‘A Good Piece Is One That Persuades You At This Moment That It’s The Most Beautiful Thing In The World’
Chopin: Polonaise-Fantaisie in A flat major, Op. 61
Barely age 21, young Israeli pianist Tom Borrow is making a name for himself as a great international soloist. Dubbed “The very definition of ‘one to watch’” by International Piano, Tom’s upcoming engagements include the Royal Philharmonic Orchestra, London Philharmonic, Czech Philharmonic, and the New Jersey and São Paolo Symphonies. I talk to him in Toulouse, during a brief day off in between performances with the Orchestre National du Capitole de Toulouse, about Chopin and music away from the piano…
What inspired you to take up your instrument?
I would have to say it was somewhat coincidental. It wasn’t a paved way for me, from my parents or something like that. It turned out to be quite a discovery for me! As a kid, in our home we had not even a piano or keyboard – something of that sort, but nothing that resembles a real instrument, and somehow from there it became upgraded to the real thing.
What inspired you to become a professional?
I don’t remember a real turning point – I remember always enjoying it as a kid. The first time when I played with an orchestra, I remember that that was something I wanted to do again, most definitely. I must have been 10 and we played a Mozart concerto – it’s a C Major concerto but not the one that’s extremely popular.
It really is a joy to play concerti. It’s amazing because it’s somehow everything at once, everything that performing music can give you. Especially with Mozart, it’s obviously a solo concerto but it’s also chamber music, and it’s just everything in a good amount. I love it.
Which composer[s] do you feel the most comfortable with?
I’m going to give you such a disappointing answer. I really really am just never able to choose a composer. I really find that I adore almost everything, all periods and all styles. I rarely feel that I have my favourite – usually my favourite is what I’m working on at the moment.
Beethoven: Piano Concerto No. 3
Who inspires you now?
Again, that is the same as the composers – there are so many artists I admire. To be honest, it really depends on the day. Maybe a few months ago I adore this pianist or artist, it can be anyone. It really differs. I can point at someone whose recordings I really like at the moment: the Czech pianist Ivan Moravec, his Chopin is really just gorgeous.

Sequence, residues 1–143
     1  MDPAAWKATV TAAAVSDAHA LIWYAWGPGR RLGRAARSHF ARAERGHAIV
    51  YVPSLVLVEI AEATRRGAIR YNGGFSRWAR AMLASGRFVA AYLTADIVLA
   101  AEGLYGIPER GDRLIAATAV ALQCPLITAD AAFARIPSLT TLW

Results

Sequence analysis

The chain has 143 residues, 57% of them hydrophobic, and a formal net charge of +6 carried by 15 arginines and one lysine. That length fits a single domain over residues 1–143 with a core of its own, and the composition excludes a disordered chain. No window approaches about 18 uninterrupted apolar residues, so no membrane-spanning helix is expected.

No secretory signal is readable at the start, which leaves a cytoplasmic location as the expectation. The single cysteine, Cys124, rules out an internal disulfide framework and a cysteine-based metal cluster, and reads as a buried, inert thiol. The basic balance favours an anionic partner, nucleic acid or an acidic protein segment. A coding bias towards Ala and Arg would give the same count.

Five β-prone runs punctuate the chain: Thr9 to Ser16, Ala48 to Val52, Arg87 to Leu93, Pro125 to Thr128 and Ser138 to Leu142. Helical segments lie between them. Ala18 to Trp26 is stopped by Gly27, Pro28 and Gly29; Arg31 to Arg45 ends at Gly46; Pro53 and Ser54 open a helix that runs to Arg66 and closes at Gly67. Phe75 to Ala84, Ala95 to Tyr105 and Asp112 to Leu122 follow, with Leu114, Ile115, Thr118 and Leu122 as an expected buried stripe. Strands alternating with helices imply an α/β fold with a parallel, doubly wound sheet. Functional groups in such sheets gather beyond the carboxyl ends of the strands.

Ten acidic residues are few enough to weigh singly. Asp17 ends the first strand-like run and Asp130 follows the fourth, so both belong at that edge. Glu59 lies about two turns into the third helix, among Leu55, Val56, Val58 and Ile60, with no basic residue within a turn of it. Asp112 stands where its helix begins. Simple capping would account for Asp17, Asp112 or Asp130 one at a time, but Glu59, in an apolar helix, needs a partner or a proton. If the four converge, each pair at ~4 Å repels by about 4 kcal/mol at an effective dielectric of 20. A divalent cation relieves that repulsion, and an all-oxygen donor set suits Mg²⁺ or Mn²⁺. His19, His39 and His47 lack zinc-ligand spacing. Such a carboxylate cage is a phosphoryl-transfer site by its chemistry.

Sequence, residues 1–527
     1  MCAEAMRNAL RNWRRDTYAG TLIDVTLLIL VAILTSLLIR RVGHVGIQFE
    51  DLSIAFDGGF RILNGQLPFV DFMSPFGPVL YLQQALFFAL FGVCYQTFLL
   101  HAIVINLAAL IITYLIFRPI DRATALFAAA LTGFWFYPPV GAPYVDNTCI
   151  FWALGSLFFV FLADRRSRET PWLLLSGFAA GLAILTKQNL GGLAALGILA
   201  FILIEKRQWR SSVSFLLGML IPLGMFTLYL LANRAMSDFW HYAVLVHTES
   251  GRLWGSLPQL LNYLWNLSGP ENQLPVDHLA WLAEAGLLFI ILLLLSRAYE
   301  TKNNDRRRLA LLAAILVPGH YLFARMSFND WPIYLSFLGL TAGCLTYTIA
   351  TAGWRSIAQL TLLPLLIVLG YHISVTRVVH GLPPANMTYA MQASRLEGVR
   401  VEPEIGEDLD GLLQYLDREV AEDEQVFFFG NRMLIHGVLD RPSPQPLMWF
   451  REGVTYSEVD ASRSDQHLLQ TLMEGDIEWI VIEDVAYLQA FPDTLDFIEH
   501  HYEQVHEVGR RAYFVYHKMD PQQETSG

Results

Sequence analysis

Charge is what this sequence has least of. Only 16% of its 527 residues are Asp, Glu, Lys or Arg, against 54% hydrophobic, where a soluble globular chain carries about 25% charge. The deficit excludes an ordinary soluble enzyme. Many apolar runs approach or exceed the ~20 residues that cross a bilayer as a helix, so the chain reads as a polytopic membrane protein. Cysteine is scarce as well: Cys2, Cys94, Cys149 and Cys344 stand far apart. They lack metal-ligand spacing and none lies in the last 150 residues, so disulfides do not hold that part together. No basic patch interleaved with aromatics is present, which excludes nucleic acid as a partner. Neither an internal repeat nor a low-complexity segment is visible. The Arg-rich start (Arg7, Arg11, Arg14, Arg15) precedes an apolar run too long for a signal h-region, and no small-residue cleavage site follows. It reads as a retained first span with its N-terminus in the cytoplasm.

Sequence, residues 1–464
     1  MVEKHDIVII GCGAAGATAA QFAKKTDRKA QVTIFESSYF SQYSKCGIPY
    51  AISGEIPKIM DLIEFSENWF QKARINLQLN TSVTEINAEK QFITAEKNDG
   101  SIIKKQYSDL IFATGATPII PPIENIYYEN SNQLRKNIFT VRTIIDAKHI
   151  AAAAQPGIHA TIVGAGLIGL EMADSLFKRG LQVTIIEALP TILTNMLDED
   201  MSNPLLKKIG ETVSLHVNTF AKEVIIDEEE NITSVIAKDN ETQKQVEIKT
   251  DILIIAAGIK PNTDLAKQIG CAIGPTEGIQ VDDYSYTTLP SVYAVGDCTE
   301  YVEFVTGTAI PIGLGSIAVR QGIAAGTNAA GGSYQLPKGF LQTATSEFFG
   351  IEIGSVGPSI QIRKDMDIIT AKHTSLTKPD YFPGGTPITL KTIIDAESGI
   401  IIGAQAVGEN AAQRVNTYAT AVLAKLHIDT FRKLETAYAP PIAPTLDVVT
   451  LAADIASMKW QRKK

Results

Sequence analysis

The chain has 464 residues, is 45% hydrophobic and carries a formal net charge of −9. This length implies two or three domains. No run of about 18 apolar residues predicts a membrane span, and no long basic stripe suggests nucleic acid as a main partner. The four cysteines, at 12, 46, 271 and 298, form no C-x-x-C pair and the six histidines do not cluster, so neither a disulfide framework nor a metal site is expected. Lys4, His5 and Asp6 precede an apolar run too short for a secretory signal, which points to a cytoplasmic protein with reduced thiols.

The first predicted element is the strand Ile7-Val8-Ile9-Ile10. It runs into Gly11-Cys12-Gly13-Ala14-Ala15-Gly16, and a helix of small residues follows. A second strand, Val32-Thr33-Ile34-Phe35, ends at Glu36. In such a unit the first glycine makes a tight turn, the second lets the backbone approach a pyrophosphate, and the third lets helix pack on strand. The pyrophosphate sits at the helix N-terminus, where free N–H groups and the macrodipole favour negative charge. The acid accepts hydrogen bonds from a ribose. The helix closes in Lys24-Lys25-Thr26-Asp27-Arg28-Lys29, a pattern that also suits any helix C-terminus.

I actually listen the least to piano [music]. I usually listen to other instruments – I hear so much piano all day so it’s nice to hear symphonies or vocal works or chamber music, that’s usually what I listen to most. I guess it’s fair to say I get some inspiration from those, definitely. The piano is such a limited instrument, somehow. It’s both limited and without limits, but symphonic works are definitely another needed dimension. […] Some piano pieces are very orchestral, so being exposed to the orchestral world is essential – apart from the fact that it’s gorgeous.
Is there any repertoire you haven’t performed yet that you would like to in the future?
Actually, coming up, the next project I have is something that would’ve been my answer all this time to that question, and it’s finally arriving. It’s the two Brahms concertos – I’m playing them with the Basque National Orchestra. I’m really looking forward to it because it’s always been a real dream to play these pieces.
I always say number one is the most beautiful in the world and then I move on to number two and then I say, ‘Oh no, number two is the most beautiful in the world.’ This happens to me with many pieces, but you know, a good piece is one that persuades you at this moment that it’s the most beautiful thing in the world.
Is there a particular composer / piece that you’ve really felt your relationship with change with over time (for better or worse)?
My views on pieces, they do change all the time. When I come back to pieces, especially after a long time, I do definitely see them differently, which is I guess the fun part of it. It’s impossible to cover everything in just one round of playing. Living with a piece is really covering everything, or maybe even not covering everything, but as much as you can.
I feel like I have a very varied relationship with Chopin. I feel like I choose to play Chopin more often now than back then. One of the things that helped – it’s not that I didn’t like Chopin before – is that I was exposed to some really marvelous recordings that I’d never heard before, and now I think about it they may have lit something inside me. Especially old recordings, because back then the way of playing Chopin was really quite different.
Today, the halls are so large, and so many people, right to the last row, have to hear your Chopin, and back then, the sound concept was more of a chamber-like, warmer sound. And also there are some stylistic things that were very interesting, in terms of freedom: people would break chords if they wanted, the hands weren’t exactly together, and it gives this really wonderful fluidity to the music.
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